Consolidation can be multifocal or solitary with the former being more common. These areas may show central low density on noncontrast images which are hypoenhancing postcontrast due to early abscess formation. The well-formed abscess will show central fluid density with an enhancing rim. Peribronchovascular consolidation simulating bronchopneumonia has also been reported. Nodules in nocardiosis can be indistinguishable from fungal infection and can be with or without a ground glass halo. Like consolidation, these nodules can also undergo breakdown and cavitation.8,11
Endobronchial spread is possible in pulmonary nocardiosis and can manifest as multiple centrilobular nodules as in tuberculosis. Other findings in endobronchial spread include bronchial wall thickening and intraluminal debris.12 Endobronchial mass formation has also been reported.13
Pleural involvement can be in the form of pleural effusion, empyema, or pleural thickening. Chest wall extension can also occur as in tuberculosis and actinomycosis and is usually manifested as an inflammatory mass or abscess. Bony destruction, muscle edema, and fat stranding may be demonstrated in HRCT.8,14 Chronic inflammation may show hypertrophy of the chest wall fat. Empyema necessitates another complication in which there is a dissection of the abscess into the skin of the chest wall across the soft tissue.15
Distinguishing an empyema from a lung abscess is important as the former may require a chest tube and drainage while the latter is usually treated with antibiotics and chest physiotherapy. Empyema usually has a characteristic lentiform shape with smooth walls and a split enhancing pleura as margins and the adjacent lung parenchyma may be compressed by it. There may also be features of inflammation in the adjacent chest wall. A parenchymal abscess is usually rounded and irregular with thicker enhancing walls, and there may be interruption of adjacent vessels and bronchi.16,17
Moreover, imaging findings of risk factors may also be present as in this case interstitial lung disease for which steroids were taken. Also, conditions like alveolar proteinosis are considered to be risk factors for pulmonary nocardiosis though the reasons aren’t clear.18
In this case, typical lung parenchymal findings of nocardiosis were present like consolidations with central hypoenhancing areas and nodules. However, mediastinal lymph node enlargement was a significant feature that is said to be relatively rare in pulmonary nocardiosis in the available literature.8,14 These nodes were large, discrete as well and conglomerate, with central ill-defined low-density areas similar to the necrotic mediastinal nodes encountered in tuberculosis and malignancies. Moreover, there was a long segment of significant esophageal wall thickening which, to our knowledge, has not been previously reported in nocardiosis. These findings closely mimic tuberculosis with its known sequence of caseating mediastinal nodes which may cause the spread of inflammation into the esophagus (periesophagitis) and the adjacent bronchi (peribronchitis) giving rise to bronchesophageal fistula.19,20 In such cases, mural involvement of the esophagus can present as diffuse wall thickening mimicking malignancy. Diagnosis in such cases may be made with endoscopic ultrasound-guided biopsies which paves the way for early and effective therapy.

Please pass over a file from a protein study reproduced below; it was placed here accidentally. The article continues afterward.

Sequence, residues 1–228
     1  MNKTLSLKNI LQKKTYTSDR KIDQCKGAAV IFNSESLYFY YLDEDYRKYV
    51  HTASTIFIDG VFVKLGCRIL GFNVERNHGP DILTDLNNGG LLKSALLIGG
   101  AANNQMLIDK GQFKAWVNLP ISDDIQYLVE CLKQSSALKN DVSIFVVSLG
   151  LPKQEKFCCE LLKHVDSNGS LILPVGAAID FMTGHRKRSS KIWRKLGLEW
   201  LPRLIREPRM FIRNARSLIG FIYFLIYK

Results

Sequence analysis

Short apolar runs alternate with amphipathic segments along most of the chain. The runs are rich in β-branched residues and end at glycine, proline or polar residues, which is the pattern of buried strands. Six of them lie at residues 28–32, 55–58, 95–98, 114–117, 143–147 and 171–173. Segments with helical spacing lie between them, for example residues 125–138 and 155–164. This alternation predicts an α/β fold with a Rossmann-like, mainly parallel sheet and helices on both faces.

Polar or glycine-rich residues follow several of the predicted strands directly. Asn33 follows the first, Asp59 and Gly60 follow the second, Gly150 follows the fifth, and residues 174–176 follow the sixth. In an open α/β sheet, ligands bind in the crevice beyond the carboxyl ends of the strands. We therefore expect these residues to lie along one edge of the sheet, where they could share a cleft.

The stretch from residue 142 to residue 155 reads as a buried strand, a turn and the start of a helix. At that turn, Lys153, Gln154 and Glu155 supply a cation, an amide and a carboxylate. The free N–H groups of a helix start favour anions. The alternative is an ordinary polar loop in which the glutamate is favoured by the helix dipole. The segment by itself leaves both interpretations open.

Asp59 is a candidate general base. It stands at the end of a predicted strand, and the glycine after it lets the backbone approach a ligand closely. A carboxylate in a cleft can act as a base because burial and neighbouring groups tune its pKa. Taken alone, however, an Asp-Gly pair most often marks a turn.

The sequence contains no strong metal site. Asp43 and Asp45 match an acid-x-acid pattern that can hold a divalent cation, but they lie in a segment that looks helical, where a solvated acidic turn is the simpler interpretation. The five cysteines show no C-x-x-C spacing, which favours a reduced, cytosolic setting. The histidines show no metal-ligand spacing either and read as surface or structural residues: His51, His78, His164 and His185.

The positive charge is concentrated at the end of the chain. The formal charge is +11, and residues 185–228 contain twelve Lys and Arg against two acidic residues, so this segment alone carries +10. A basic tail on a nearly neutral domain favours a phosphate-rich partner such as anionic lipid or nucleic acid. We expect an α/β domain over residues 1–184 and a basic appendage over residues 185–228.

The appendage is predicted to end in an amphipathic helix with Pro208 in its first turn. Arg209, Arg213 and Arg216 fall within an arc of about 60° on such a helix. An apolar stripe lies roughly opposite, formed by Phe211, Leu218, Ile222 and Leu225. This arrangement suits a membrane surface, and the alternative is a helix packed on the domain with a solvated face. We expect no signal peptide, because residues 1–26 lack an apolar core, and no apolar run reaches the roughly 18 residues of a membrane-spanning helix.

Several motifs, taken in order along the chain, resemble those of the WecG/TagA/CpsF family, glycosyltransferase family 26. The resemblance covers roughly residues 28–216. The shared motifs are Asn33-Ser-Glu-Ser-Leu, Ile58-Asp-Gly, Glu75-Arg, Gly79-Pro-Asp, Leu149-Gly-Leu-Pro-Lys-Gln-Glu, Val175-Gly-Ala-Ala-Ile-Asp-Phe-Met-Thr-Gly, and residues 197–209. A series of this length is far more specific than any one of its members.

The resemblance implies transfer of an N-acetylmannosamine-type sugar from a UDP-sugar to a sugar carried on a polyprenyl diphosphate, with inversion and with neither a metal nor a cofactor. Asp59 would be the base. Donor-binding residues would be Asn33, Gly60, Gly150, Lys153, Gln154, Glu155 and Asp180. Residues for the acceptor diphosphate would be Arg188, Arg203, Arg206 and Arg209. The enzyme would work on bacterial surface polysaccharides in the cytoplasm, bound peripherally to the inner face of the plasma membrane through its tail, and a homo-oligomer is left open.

Another entity that should be kept in mind is tuberculosis-nocardiosis coinfection which can occur especially in patients with human immunodeficiency virus. Early suspicion of imaging in such cases significantly changes the prognosis.21
The treatment of choice for nocardiosis is trimethoprim-sulfamethoxazole, though alternative antibiotics like amikacin, tetracyclines, or ceftriaxone may be required based on severity. Surgical drainage of abscesses may also be warranted. Our patient was treated with trimethoprim-sulfamethoxazole which showed good clinical response.
Nocardiosis can virtually involve any organ system. Esophageal manifestation of nocardiosis is rare with only a few cases reported. It is a great mimicker of granulomatous diseases like tuberculosis and malignancies. Nocardiosis should always be considered in the HRCT evaluation of an immunocompromised patient. Raising an early suspicion is life-saving due to the effectiveness of early antibiotic therapy.
Informed consent was obtained from the patient for publishing.
Vishnu Appukuttan Kumari https://orcid.org/0000-0001-6631-7666
Ameer K Azeez https://orcid.org/0000-0002-9353-6562
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2. Wadhwa T, Baveja U, Kumar N, et al. Clinical manifestations of nocardiosis: study of risk factors and outcomes in a tertiary care hospital. J Lab Physicians 2017;9(4):288–295. DOI: 10.4103/JLP.JLP_111_16
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6. Ajith Kumar AK, Hegde M, Padyana M, et al. Pulmonary nocardiosis: under-diagnosed respiratory opportunistic infection – a case report. Radiol Infect Dis 2017;4(4):175–178. DOI: https://doi.org/10.1016/j.jrid.2017.11.002
13. Abdel-Rahman N, Izhakian S, Wasser WG, et al. Endobronchial enigma: a clinically rare presentation of nocardia beijingensis in an immunocompetent patient. Case Rep Pulmonol 2015;2015:970548. DOI: 10.1155/2015/970548
15. Yauba MS, Ahmed H, Imoudu IA, et al. Empyema necessitans complicating pleural effusion associated with proteus species infection: a diagnostic dilemma. Case Rep Pediatr 2015;2015:108174. DOI: 10.1155/2015/108174